Brenda Michaud

Brenda Michaud

Like so many who know Brenda Michaud, and who have seen the passion, dedication and intensity she brings to her workouts and the diligence she brings to her diet and maintaining a healthy mindset, I was among those who looked at her Facebook post last summer in disbelief. I am guessing that my reaction was similar to that of the rest of her Facebook friends, and anyone else that may have received the news by other channels. That reaction was, “Wait, who has cancer? You? No way.” 

I sat down with Brenda in the café at Cayuga Medical Center, where she is employed as the facilities manager, to discuss her challenges and triumphs and, since this is a sports column, to talk about her participation in this year’s Cayuga Lake Triathlon. I told her how I did a double-take when reading her post last summer, and she said, “That was a common reaction. My [teenage] daughter said, ‘Mom, you can’t have cancer.’” 

Having seen Michaud’s competitive spirit first-hand (she thrashed me in a game of pool), I offered her an opportunity to self-evaluate. I said, “So, on a scale of 1 to 10, with 1 being a couch potato and 10 being workout-obsessed, what are you?” 

With the speed and assuredness one might expect in a medical facility, she said “I’m a 10. I set a lot of goals for myself, and I’m very driven.” 

Of her diagnosis, Michaud asked me, “Can you believe it has been over a year?” She retraced the timeline and recalled, “In the fall of 2017, I was training really hard on the treadmill and my back started to hurt. I assumed it was from over-training, so in February, I went in to get checked out.” 

Michaud was shocked when an MRI revealed that she had a cluster of lesions along her spine. She underwent a series of biopsies, and when the diagnostic process was complete six weeks later, she learned what she was facing. She said, “The type of cancer I was diagnosed with, multiple myeloma, is a plasma cell cancer that steals calcium from your bones, and that is why my back hurt so much.”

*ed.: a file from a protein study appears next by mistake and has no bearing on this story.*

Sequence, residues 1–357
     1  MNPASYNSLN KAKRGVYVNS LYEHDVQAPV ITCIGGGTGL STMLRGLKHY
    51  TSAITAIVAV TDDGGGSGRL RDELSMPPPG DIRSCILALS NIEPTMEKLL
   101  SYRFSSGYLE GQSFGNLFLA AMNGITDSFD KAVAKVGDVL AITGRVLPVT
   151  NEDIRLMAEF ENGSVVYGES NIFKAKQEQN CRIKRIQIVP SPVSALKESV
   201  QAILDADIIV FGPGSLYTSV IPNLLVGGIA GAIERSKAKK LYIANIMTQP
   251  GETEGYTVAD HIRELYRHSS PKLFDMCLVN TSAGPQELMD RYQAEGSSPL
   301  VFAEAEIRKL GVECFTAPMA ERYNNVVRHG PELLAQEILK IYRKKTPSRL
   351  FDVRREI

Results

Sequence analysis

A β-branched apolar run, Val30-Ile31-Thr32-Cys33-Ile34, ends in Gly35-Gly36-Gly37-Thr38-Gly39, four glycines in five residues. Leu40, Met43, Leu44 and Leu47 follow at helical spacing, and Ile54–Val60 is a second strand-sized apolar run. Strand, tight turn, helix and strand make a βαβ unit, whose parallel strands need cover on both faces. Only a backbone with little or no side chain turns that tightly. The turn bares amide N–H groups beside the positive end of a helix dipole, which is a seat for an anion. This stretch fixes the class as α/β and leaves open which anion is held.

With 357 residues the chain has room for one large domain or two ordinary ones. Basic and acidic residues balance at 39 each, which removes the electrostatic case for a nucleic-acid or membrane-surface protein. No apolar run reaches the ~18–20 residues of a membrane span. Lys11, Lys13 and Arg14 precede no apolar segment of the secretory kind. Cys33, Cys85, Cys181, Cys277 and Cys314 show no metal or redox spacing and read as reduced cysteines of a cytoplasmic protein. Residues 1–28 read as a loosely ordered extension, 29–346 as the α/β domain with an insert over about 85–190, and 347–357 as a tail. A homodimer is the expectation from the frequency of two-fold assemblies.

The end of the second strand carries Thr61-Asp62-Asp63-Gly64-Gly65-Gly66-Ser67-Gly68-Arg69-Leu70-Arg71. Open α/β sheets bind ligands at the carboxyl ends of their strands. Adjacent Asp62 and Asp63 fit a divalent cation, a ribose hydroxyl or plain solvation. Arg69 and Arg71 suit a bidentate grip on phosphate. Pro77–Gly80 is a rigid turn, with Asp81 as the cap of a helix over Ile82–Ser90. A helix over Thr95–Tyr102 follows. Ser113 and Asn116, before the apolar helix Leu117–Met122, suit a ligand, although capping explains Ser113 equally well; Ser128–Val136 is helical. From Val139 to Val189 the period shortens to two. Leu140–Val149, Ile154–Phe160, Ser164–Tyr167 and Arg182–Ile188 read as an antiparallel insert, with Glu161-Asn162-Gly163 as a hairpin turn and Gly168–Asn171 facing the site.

In Michaud’s words, “In April of ’18, I was in full chemo. That was a 12-week process, and they would clean up my blood and I would donate it back to myself. I would basically hover near death for a few days, and I had no immunity. I couldn’t go to the gym. I had to stay away from people, stay out of the lake, stay away from my pets. It was tough.” 

By July of 2018, Michaud was deemed ready for her stem cell transplant, and on Sept. 6th, she swung her leg over her bicycle to do a century ride. (For the uninitiated, yes: a century ride is 100 miles.) As she was cranking her way through it, a friend asked, “Did your oncologist approve this?” Her reply: “I didn’t tell him.” 

In October, when she was ready to handle the higher impact effects of running, Michaud completed the Cancer Resource Center 5K, the Danby National Forest 15K and then the Turkey Trot 6-miler. Next up was the “It’s a Wonderful Run” race in Seneca Falls in December, the Frosty Loomis, and then came the Hammond Hill 10K Snowshoe Race. 

Michaud stated, “I felt like I was ready to start training for half-marathons, and when I went across the finish line at the Skunk Cabbage Half (in April of this year), I was exactly at my goal, to the minute.” Feeling ever-stronger, she took part once again in the Seneca 7, a seven-person relay covering 77.7 miles. Participants run three seven-mile segments and ride the bike segments between runs. 

Michaud is fully convinced that her lifelong commitment to fitness played a factor in her quick turnaround. She said, “I am currently in remission, and I will be on chemo for the rest of my life. I go every two weeks, they test my blood, and if I pass, I get an injection. That’s okay with me. I can handle it.” She also said that Bikram Yoga (practiced in high heat and humidity) is an important part of her healing regimen, stating, “It helps to retrain your mind, to use your will to get through this.” She provided literature that states that Bikram has been found to be useful in not only preventing cancer, but in “reversing cancer processes,” given that “the act of heating up the skin for a period of time causes a release of toxins from the skin.” 

Michaud, who turned 57 three days before the Cayuga Lake Triathlon, where she subsequently added an appearance on the podium to her comeback story, told me she is looking forward to the race. It was her 10th CLT. She started the event with a 1,500-meter swim, then rode her bicycle 24.3 miles and finished with a 10K run. 

She said, “I feel stronger in my training now than I did before I had cancer. I’m very grateful for that.”


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